Nevertheless, litigation funding has gained immense traction amongst investors in the last couple of years. In fact, it is not just the lack of liquidity that drives a decision to seek a third-party investor now, as disputing parties now seek investors for reasons of mere convenience, cost effectiveness and risk sharing. Moreover, the moment a claimant decides to pursue a claim under litigation or commercial arbitration, they are taking on a financial risk. This risk encompasses not only irrecoverable operational costs of pursing the claim, but also the risk of having an unsuccessful claim at the end of the dispute-resolution process. Adopting litigation financing in this way can shift that financial burden to a third-party funder, who not only has their own risk-assessment team but also carries a diversified portfolio of case investments.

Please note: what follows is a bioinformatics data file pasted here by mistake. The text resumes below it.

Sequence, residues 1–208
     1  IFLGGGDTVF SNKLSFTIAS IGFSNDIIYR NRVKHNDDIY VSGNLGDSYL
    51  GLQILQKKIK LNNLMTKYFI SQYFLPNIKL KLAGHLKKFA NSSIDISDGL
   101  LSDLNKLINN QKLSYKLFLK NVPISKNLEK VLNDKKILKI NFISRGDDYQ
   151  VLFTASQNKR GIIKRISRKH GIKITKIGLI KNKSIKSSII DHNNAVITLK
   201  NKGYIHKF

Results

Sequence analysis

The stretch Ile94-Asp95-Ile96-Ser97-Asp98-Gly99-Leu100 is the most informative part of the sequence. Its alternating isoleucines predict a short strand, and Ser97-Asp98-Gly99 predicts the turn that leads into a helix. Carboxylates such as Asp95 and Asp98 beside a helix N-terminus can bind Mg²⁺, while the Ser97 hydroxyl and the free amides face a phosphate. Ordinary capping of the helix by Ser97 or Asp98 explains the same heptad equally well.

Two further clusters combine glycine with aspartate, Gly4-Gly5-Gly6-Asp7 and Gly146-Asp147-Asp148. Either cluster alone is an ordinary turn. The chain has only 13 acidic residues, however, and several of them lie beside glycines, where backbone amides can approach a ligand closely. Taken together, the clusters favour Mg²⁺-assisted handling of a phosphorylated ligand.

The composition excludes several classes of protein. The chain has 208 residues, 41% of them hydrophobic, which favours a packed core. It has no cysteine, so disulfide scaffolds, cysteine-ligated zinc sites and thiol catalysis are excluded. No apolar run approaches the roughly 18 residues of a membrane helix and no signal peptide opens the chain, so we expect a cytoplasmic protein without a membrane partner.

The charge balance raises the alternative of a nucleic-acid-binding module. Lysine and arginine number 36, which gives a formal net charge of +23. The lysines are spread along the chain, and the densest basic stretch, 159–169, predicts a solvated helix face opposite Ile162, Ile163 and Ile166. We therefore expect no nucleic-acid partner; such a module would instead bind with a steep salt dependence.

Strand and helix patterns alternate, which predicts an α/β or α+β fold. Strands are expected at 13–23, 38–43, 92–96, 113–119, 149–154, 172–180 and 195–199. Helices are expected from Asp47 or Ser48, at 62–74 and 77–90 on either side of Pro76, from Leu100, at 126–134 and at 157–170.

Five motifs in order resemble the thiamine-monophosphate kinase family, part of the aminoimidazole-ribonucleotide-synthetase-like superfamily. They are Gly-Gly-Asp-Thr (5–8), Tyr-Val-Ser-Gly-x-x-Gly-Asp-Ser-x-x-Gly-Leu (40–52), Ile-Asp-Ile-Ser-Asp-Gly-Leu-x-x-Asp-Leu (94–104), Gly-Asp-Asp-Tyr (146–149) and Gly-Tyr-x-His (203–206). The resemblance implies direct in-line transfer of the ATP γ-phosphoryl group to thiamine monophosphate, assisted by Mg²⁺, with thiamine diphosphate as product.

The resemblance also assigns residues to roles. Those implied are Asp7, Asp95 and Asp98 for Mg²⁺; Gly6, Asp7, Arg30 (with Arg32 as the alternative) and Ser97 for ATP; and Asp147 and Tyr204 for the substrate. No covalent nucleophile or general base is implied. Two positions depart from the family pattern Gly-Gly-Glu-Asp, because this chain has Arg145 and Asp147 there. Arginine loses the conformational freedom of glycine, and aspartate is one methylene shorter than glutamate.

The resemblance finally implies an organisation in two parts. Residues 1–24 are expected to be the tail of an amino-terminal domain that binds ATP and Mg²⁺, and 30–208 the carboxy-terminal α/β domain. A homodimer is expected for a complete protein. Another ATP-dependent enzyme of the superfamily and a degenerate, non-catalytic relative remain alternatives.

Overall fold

From the viewpoint of investors, litigation funding is good investment that stays unaffected by any other business cycles. Hence, in time of economic downturn when other investments may not yield benefits, litigation funding seems to be unaffected. In fact, as a general consensus, litigation finance is best known to provide extremely high returns to investors. Off lately, this form of investment has also gained attention from hedge funders. The probability of high returns is primarily driven by low investment compared to significantly higher returns for investors, as investors often end up with multiples of the initial investment made.
Third-party funding in the Indian scenario